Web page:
1/30/12 7:50 PM
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nottheface
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Something that I really liked about Kosho-Ryu Kempo is how it formed a really good foundation to layer other arts on top of. The movement was natural, and the general approach of getting an understanding of body mechanics, worked for me. If a given technique didn't work for you, you could drop it and do something else pretty easily. That flexibility is something that I really did miss when I tried other martial arts. I could integrate boxing punches and shuai-chiao or judo throws and MT kicks fairly easily.
2/2/12 10:11 PM
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de braco
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 TTT
9/20/12 2:30 PM
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Huggy Bear KP
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I truly enjoy the "professional opinion's" of the masses. It's so easy to tear apart a system because of the flashy antics of some poor representation. As far as the comments about the Kenpo system posted here, they all seem to be commenting on the past. Can we all agree that MA has evolved since the days of EP and BL ? I would say so. To mock something only shows immaturity and lack of knowledge. Have respect for all systems and learn the best that it has to offer and adapt it to something that works for you. Modern day MMA is a great example of taking things from the early days of combat sports and adapting to the skills and abilities of a new generation. I assure you that nobody I know of in the MA community laughs at true practitioners. showbaots and big mouths have NO PLACE in real MA.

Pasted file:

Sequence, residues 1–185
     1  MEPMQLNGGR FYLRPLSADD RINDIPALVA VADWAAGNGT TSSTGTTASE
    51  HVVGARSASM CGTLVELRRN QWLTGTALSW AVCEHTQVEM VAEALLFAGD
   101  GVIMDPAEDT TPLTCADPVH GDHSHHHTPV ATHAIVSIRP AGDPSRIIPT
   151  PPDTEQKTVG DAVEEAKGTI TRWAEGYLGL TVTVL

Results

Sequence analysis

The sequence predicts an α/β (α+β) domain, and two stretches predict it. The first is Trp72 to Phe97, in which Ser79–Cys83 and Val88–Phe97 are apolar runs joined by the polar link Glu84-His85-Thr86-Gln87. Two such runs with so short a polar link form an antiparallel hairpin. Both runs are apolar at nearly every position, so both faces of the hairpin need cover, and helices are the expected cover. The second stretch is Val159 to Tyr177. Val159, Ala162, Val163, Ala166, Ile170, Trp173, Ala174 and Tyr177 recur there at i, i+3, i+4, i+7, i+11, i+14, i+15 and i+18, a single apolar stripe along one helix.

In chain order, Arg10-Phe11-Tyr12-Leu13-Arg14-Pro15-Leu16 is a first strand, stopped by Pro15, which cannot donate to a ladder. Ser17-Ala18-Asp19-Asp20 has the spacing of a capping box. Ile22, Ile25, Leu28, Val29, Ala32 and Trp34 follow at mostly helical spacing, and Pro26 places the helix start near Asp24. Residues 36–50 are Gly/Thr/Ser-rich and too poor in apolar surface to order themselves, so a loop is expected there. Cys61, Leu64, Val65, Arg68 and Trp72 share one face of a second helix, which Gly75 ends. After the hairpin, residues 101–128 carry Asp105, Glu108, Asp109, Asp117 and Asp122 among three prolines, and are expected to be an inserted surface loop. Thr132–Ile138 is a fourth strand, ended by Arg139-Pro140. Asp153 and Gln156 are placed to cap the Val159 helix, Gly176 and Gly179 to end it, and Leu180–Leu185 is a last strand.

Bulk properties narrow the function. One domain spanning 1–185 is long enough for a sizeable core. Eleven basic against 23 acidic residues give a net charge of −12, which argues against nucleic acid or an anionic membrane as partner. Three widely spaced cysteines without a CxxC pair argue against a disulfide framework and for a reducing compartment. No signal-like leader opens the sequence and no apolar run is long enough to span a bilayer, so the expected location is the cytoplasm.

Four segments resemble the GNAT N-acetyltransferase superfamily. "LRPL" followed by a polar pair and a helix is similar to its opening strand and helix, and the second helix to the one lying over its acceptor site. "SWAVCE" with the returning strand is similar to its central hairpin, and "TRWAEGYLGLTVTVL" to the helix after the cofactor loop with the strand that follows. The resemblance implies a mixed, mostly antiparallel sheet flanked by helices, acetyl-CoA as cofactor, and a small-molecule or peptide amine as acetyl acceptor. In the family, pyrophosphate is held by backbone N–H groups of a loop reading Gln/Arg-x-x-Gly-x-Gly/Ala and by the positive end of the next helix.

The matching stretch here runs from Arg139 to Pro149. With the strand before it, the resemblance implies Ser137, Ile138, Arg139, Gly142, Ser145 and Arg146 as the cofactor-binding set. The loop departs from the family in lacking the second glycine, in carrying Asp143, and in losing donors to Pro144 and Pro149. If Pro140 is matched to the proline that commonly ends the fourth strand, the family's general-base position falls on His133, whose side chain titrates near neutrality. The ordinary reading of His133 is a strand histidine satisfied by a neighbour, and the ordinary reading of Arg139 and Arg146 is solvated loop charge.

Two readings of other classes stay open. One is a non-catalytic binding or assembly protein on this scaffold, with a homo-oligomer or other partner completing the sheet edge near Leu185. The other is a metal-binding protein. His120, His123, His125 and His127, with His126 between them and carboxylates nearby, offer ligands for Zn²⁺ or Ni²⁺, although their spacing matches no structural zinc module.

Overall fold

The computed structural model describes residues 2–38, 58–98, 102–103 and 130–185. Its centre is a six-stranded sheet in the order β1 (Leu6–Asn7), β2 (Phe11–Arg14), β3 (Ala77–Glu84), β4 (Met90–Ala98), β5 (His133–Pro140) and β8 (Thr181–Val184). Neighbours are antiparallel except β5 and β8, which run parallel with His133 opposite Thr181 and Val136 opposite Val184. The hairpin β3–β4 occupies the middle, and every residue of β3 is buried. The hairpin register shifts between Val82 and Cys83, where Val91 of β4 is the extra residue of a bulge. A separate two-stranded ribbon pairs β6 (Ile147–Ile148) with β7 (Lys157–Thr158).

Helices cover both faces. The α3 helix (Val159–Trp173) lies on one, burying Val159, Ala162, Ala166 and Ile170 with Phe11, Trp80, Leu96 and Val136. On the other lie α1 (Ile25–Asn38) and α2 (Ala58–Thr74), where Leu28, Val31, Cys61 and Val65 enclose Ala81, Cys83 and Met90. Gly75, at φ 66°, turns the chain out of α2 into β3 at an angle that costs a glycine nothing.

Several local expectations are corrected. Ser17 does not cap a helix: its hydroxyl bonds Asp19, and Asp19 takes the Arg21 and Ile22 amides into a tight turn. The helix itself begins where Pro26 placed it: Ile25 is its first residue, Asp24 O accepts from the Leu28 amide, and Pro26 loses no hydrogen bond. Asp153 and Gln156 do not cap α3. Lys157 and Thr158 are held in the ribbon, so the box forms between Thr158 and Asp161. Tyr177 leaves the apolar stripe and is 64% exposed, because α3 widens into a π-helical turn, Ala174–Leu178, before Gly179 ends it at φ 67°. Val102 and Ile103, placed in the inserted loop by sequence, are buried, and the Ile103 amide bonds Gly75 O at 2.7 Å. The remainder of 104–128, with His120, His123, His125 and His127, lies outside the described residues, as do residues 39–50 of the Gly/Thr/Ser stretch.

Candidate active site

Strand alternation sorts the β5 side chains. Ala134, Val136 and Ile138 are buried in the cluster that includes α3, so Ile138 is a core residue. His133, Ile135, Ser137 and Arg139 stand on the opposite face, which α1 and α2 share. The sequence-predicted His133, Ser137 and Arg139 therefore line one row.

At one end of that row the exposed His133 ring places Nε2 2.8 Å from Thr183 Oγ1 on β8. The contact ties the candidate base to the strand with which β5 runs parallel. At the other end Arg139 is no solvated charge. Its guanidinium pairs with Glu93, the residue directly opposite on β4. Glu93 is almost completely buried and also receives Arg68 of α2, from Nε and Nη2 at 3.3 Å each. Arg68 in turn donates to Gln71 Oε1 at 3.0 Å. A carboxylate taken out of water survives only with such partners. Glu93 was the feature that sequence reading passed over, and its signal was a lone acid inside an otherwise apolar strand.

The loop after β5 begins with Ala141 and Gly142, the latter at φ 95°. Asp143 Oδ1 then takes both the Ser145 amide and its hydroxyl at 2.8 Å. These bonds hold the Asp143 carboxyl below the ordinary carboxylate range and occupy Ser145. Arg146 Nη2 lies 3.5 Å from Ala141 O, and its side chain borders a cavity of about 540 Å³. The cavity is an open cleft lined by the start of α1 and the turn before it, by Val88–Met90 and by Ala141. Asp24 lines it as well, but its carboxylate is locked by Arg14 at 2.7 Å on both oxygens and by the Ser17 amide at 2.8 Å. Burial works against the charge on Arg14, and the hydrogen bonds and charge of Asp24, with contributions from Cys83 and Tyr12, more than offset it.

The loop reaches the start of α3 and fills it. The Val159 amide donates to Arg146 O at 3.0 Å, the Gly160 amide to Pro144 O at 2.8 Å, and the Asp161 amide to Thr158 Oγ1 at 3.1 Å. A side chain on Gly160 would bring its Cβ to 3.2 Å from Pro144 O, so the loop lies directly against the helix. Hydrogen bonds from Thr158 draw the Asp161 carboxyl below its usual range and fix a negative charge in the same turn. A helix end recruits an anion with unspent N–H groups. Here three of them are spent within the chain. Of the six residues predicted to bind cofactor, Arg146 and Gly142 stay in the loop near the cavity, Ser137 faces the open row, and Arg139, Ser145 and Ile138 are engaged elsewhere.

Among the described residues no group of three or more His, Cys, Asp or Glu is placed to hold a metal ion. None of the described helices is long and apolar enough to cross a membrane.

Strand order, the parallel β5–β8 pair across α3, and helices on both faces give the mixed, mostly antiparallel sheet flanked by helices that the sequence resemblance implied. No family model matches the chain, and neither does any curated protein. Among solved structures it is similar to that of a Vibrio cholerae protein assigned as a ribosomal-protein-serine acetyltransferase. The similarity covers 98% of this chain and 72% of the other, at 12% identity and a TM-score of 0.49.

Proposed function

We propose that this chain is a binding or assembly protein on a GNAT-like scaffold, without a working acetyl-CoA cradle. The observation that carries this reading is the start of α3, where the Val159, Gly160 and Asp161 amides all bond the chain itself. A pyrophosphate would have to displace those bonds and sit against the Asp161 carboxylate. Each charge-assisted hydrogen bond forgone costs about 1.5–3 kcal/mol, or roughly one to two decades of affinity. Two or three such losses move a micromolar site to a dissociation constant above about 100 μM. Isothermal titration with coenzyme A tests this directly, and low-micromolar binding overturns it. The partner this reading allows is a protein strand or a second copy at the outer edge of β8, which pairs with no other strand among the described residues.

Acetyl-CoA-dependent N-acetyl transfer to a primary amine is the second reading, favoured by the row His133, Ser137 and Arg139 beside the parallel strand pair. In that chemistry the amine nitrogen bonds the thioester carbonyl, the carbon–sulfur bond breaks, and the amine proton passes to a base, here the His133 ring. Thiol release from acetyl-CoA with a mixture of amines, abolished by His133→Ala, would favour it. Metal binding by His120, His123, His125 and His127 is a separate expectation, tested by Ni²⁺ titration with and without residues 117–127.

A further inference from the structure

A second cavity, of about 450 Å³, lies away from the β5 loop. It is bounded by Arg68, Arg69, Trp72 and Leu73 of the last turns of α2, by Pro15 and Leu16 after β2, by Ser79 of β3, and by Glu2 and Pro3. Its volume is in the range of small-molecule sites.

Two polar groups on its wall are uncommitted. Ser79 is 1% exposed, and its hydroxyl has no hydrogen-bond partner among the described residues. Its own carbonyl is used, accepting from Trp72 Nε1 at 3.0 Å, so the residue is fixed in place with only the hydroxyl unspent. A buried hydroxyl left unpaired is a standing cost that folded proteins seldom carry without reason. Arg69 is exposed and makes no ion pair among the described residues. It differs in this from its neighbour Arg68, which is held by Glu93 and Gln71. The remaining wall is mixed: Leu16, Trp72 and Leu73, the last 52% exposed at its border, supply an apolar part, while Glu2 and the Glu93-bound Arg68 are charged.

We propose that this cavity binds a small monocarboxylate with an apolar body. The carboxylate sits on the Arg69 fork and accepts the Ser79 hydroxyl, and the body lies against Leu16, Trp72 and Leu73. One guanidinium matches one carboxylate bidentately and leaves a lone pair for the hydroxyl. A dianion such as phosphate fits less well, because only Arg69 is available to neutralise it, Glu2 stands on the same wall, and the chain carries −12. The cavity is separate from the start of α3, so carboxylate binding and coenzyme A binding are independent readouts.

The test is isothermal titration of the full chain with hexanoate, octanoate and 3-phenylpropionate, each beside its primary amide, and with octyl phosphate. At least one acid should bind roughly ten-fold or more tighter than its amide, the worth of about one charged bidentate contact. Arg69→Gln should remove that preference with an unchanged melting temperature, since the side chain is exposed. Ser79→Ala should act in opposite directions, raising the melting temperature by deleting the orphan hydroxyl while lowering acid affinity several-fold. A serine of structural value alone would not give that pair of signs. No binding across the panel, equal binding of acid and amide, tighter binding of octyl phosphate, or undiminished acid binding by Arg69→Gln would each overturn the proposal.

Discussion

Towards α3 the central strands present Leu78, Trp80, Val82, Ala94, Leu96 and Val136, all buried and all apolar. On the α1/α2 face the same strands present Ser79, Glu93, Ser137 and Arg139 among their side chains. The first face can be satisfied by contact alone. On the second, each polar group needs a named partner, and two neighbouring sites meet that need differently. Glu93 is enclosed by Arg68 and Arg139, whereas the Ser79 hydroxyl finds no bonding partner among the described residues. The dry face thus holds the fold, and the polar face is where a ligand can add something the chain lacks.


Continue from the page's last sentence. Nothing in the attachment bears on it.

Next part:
9/20/12 4:55 PM
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otisbwags
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Any discussion of Kenpo should include George Pesare, the godfather of kenpo in New England. I believe he trained under Sonny Gascon. He definitely was involved in and promoted bare knuckles limited rules fighting in the 70s. I personally witnessed this.
9/20/12 4:58 PM
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otisbwags
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Any discussion of Kenpo should include George Pesare, the godfather of kenpo in New England. I believe he trained under Sonny Gascon. He definitely was involved in and promoted bare knuckles limited rules fighting in the 70s. I personally witnessed this.
10/3/12 4:50 PM
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Carlton Fist
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otisbwags - Any discussion of Kenpo should include George Pesare, the godfather of kenpo in New England. I believe he trained under Sonny Gascon. He definitely was involved in and promoted bare knuckles limited rules fighting in the 70s. I personally witnessed this.